One of the things promoted to help forest owners work more closely with their rural fire authority is the Forest ID Protocol, encouraging forest owners to get together a map of the forest, even if it is basic, with details like who to contact, how to get into the forest and water supplies.
You also need to think about the safety of homes and buildings as well as the trees. The FireSmart manual contains a wealth of information, including easy to use checklists so you can assess the fire hazards and level of risk on your property, as well as guidelines for building construction, infrastructure, landscaping and community fire prevention.
Insurance is also a must for every forest owner. There is a subtle difference between forested areas and non-forested areas in terms of the fire authority being able to access the Rural Fire Fighting Fund.
This covers all of the suppression costs associated with a fire less 5% and a $1,000 excess. When the fund was first set up the major forest owners of the day, most of which were self-insured, decided not to join. As a result, no claim can be made for a fire that originates in a commercial forest. In addition there is provision under Section 46 of the Forest & Rural Fires Act for a rural fire authority to impose a levy on forest owners to recover fire suppression costs.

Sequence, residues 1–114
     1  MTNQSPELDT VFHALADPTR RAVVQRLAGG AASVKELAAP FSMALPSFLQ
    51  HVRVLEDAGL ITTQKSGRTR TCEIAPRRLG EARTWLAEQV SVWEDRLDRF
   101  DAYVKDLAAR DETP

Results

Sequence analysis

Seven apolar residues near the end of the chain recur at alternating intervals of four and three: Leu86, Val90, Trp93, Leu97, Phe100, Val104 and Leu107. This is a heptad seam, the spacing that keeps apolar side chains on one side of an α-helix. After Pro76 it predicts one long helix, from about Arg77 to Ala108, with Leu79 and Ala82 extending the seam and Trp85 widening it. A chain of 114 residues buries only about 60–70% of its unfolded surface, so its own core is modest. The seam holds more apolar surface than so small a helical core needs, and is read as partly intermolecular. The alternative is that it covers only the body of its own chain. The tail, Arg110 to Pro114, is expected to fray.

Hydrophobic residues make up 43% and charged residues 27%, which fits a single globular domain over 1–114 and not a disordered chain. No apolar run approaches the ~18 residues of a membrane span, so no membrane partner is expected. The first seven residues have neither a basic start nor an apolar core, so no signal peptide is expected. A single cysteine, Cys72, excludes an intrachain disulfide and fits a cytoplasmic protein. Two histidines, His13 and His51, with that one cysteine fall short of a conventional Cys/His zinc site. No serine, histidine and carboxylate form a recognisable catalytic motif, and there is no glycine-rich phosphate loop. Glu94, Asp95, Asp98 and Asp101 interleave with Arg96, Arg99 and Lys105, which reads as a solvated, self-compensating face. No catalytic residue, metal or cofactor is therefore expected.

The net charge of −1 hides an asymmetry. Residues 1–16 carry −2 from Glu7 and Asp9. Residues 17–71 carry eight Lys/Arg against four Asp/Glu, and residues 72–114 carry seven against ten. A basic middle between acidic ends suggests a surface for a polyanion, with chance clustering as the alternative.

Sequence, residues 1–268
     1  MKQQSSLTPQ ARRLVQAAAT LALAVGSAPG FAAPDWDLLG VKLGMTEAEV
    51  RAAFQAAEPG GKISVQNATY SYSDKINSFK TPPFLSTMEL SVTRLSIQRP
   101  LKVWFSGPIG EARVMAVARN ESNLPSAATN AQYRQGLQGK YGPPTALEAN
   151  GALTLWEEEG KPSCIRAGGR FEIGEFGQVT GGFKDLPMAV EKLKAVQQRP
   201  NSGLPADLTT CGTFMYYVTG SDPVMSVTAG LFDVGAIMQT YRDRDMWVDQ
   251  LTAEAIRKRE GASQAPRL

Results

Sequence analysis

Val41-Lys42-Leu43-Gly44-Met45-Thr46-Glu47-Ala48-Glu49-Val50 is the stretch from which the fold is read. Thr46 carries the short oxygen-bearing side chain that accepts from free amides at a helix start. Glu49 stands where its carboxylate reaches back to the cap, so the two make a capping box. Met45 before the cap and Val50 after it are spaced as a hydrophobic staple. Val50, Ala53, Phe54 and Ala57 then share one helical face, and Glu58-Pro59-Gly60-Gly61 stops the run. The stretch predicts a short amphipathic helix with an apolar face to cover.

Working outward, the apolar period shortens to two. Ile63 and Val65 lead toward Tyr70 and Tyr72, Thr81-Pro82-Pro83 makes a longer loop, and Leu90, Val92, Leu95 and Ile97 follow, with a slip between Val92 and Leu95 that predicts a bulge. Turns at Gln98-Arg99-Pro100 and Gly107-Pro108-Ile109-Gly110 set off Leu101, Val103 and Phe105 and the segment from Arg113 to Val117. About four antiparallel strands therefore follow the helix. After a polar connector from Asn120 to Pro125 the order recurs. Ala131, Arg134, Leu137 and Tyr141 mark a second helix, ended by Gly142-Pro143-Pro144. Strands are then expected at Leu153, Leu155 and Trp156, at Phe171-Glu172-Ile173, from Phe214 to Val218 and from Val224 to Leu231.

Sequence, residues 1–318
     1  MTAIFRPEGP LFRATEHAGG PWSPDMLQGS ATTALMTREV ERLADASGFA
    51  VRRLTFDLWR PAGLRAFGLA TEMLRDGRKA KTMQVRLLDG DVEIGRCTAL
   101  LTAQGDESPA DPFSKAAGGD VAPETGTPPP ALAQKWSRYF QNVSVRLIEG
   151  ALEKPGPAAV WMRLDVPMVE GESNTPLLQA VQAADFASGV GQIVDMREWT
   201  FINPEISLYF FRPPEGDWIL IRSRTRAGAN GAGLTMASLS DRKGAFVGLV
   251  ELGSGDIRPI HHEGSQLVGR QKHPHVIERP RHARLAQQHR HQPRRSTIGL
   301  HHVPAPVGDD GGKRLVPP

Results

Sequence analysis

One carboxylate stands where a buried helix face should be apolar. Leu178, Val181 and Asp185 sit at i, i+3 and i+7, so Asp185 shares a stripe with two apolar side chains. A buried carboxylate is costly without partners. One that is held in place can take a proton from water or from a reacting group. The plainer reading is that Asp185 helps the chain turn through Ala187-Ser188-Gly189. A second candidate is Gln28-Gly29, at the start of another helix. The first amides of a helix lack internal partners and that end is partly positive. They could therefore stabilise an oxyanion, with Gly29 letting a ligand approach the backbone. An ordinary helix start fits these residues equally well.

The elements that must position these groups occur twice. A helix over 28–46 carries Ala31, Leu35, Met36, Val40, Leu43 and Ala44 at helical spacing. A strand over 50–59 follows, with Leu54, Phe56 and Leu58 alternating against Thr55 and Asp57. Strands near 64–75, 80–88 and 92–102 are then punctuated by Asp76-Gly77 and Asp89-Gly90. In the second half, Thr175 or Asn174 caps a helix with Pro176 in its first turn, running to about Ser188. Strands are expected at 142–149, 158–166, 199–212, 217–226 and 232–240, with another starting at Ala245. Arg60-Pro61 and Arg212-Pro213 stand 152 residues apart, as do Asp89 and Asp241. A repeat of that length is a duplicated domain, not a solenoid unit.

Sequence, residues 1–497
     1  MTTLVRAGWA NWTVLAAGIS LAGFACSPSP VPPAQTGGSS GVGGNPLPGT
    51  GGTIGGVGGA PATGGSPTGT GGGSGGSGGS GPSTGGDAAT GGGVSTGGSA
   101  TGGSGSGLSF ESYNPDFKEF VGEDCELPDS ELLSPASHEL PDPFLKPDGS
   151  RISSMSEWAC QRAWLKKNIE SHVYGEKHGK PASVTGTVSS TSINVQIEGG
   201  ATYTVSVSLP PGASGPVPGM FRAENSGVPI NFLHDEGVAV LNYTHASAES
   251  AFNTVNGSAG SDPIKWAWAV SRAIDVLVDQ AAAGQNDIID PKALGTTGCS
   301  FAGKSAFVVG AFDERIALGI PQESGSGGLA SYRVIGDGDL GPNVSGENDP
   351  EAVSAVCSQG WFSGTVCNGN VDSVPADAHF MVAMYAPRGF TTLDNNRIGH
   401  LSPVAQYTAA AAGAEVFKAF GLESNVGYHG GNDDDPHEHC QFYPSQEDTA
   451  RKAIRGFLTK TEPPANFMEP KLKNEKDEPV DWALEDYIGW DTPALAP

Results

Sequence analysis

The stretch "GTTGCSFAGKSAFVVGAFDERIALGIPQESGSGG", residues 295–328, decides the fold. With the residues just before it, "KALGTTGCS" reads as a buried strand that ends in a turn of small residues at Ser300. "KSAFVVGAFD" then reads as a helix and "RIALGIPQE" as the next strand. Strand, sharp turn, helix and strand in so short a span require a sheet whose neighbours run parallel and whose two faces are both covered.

Farm foresters need to be aware of this. If they have trees that are being grown for commercial gain, and if that is where the origin of the fire is, no claim can be made.
The other rule that applies is that if someone can be identified as having caused a fire, wittingly or unwittingly, then recovery can be pushed in that direction.
You need the appropriate fire suppression insurance cover because you can be doing everything right, be very responsible and still end up with a cost. Remember, you need public liability insurance for anything that spreads beyond the boundary and causes damage to anybody else’s property. Even if you have a permit for a burn-off, the permit does not absolve you of responsibility, you would still have to pay the cost of suppression.